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Steve Flink: 2010 Flink Awards

12/13/2010 5:00:00 PM

by Steve Flink

Reflecting the other day upon the 2010 season in the world of tennis, I swear I could see Frank Sinatra standing prominently in the eye of my mind, singing his trademark ballad, “It Was a Very Good Year.” In our sport across the past year, the game had much to celebrate. It was a year in which the positives defeated the negatives by a substantial margin. It was a time to sit back and appreciate history being made prodigiously by competitors of the highest caliber. Above all else, it was a year that captured our attention from the outset, and kept it all the way to the very end. Welcome to the Flink Awards for 2010.


The greatest players in the workplace of tennis can never rest comfortably. Around every corner, a new challenger looms, a different threat emerges, another rival steps into the limelight. The currency of competition can change swiftly and sometimes irreversibly. The glow of a significant triumph can be replaced by the sobering and disconcerting taste of defeat almost overnight. Tennis can make overwhelming demands on the people who seek to control it, and only the most resilient and unwavering individuals can stand up to the supreme test of character that tennis serves up to them.

Consider the plight of Rafael Nadal, who has in so many ways redefined and reshaped the landscape in which he performs. Nadal had taken over unequivocally from Roger Federer in 2008 at No. 1 in the world after the Swiss had resided masterfully in that post from 2004-2007. In that remarkable 2008 campaign, Nadal toppled Federer in the French Open and Wimbledon finals, and then secured a gold medal at the Olympic Games. He commenced 2009 unhesitatingly, striking down Federer for the Australian Open crown, adding four more titles by May. But the rest of the year was horrendous for Nadal. Weakened by tendinitis in his knees, distracted by the impending divorce of his parents, losing his competitive compass, Nadal bowed in the round of 16 against Robin Soderling at the French Open, and did not defend his Wimbledon title.

When he returned later in the summer, he was not the same player. Nadal finished 2009 decidedly behind a revitalized Federer, the victor at Roland Garros and Wimbledon. Heading into April of 2010, Nadal had still not recovered his conviction, and he was losing matches he once would have won; in the crunch, his growing doubts were painfully apparent. But from the moment he captured his first tournament in eleven months—losing a mere 14 games in five matches while ruling on the red clay at Monte Carlo for the sixth year in a row—Nadal was a man reinvigorated, a player back in sync, a champion moving beyond himself and reacquiring the art of triumph. The Spaniard went unbeaten all through the clay court season, won a fifth French Open title, returned to Wimbledon for a second championship run at the All England Club, and then secured his first U.S. Open championship at summer’s end, becoming the first man since Rod Laver won a second Grand Slam in 1969 to sweep Roland Garros, Wimbledon and the U.S. Open in succession.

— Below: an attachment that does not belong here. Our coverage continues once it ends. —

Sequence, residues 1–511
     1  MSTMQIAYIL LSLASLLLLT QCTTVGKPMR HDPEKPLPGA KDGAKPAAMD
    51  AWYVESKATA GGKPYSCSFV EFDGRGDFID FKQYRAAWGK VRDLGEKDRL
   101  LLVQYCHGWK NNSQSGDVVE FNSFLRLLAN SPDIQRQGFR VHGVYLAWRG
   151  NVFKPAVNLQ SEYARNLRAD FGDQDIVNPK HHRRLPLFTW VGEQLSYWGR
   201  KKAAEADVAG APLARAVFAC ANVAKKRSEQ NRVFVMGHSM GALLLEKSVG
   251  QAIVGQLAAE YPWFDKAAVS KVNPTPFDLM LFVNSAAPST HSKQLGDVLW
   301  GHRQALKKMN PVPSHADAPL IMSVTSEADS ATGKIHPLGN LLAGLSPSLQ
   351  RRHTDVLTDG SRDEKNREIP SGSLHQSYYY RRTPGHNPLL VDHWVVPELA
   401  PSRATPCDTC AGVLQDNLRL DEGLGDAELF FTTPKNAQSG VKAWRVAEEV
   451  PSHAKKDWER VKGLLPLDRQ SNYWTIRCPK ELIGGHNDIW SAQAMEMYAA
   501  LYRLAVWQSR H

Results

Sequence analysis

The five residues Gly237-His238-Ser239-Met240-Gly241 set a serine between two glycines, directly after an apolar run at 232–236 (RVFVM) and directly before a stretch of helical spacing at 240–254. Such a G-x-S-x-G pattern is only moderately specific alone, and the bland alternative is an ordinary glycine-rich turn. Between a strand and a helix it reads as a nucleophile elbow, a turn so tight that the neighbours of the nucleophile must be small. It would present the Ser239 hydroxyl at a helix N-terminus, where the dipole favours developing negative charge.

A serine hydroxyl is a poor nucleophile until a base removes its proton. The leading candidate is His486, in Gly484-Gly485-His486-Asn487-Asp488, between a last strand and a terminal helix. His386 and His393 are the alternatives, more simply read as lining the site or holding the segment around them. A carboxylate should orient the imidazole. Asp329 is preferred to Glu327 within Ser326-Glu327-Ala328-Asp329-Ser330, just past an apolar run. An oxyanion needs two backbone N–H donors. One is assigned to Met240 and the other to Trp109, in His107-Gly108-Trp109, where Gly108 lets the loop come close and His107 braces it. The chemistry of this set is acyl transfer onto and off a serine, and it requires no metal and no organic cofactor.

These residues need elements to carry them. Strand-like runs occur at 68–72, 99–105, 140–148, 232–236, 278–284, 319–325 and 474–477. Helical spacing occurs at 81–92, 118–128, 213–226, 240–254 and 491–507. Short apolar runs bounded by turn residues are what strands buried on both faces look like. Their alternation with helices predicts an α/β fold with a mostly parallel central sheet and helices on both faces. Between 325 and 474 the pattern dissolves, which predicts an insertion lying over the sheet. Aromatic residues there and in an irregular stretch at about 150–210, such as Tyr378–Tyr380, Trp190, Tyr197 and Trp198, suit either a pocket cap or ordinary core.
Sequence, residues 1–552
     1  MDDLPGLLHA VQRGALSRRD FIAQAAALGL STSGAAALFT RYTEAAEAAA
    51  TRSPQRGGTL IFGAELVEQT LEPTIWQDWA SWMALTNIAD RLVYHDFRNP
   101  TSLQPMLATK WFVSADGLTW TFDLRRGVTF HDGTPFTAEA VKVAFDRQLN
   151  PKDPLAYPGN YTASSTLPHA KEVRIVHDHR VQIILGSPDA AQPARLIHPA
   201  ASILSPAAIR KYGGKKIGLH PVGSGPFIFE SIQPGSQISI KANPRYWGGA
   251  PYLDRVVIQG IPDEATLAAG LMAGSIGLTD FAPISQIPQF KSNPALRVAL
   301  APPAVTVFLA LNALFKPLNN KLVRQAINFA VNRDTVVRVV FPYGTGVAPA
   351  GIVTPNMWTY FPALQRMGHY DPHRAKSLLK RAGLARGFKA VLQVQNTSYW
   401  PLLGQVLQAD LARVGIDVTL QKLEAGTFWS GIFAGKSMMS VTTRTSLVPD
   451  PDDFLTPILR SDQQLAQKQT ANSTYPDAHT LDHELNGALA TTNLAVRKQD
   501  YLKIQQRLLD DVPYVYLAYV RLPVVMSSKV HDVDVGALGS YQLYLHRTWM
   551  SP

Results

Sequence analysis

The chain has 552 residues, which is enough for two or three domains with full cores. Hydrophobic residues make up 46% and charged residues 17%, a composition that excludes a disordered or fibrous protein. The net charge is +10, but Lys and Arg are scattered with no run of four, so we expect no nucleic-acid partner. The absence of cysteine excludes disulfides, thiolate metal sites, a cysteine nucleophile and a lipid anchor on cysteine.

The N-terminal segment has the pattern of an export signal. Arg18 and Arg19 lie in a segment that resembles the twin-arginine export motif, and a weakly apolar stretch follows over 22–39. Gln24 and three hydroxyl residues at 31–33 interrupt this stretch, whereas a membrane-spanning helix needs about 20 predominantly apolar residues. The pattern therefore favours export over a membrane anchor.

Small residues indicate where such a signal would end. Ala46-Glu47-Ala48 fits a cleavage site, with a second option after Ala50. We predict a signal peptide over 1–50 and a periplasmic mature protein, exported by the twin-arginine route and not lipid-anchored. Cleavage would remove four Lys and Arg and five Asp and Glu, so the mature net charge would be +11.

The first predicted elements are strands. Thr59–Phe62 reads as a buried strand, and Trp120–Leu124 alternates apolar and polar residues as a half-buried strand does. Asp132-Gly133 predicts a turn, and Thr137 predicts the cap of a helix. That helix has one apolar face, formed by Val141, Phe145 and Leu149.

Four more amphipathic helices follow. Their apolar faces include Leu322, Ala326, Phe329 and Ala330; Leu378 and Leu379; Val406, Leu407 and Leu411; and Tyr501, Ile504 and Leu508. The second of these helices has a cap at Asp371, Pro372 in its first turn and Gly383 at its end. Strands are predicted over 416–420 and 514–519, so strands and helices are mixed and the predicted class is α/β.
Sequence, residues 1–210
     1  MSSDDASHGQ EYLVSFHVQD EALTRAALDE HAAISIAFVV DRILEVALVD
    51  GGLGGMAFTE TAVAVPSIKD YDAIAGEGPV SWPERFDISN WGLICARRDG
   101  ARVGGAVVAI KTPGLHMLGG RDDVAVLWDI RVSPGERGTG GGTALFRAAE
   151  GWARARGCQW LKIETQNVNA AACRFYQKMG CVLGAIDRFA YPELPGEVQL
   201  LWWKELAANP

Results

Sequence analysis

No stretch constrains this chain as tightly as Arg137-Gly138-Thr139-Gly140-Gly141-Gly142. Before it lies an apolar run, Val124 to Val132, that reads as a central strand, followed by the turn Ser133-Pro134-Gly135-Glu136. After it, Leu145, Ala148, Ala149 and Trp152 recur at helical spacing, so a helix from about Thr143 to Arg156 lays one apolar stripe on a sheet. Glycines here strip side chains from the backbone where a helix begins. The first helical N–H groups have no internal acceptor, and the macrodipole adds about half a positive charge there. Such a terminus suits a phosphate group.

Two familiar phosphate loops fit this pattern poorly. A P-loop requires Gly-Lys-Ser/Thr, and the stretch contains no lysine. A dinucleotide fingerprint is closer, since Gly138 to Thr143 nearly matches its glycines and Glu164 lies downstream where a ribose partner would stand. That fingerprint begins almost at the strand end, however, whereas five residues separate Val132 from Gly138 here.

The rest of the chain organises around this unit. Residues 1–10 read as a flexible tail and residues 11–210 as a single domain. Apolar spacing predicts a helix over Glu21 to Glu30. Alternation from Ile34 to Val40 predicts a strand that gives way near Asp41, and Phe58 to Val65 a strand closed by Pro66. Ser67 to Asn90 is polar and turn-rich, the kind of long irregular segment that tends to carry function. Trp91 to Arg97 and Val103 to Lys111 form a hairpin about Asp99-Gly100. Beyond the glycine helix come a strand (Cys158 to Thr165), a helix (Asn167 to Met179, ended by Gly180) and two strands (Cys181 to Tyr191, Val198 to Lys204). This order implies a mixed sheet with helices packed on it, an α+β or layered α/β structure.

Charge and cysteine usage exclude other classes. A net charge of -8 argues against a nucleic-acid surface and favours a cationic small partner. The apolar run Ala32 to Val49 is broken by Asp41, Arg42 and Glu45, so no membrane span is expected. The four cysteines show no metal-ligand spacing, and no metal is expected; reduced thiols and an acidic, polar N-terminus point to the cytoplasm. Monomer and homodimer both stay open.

Nadal had very little incentive to compete with his usual ferocity and unbridled enthusiasm thereafter, although he won one more tournament in Tokyo and made it to the final at the season-ending Barclays ATP World Tour Finals in London. Long before he lost in London to a top of the line Federer, Nadal had sealed the No. 1 world ranking for the year. He was back where he belonged, an authentic world champion, a dedicated craftsman of a rare breed. Moreover, he had gone to work assiduously over the summer to develop a much bigger first serve, changing his grip, adding considerable velocity to that delivery. The vastly improved serve was the driving force behind his U.S. Open breakthrough victory.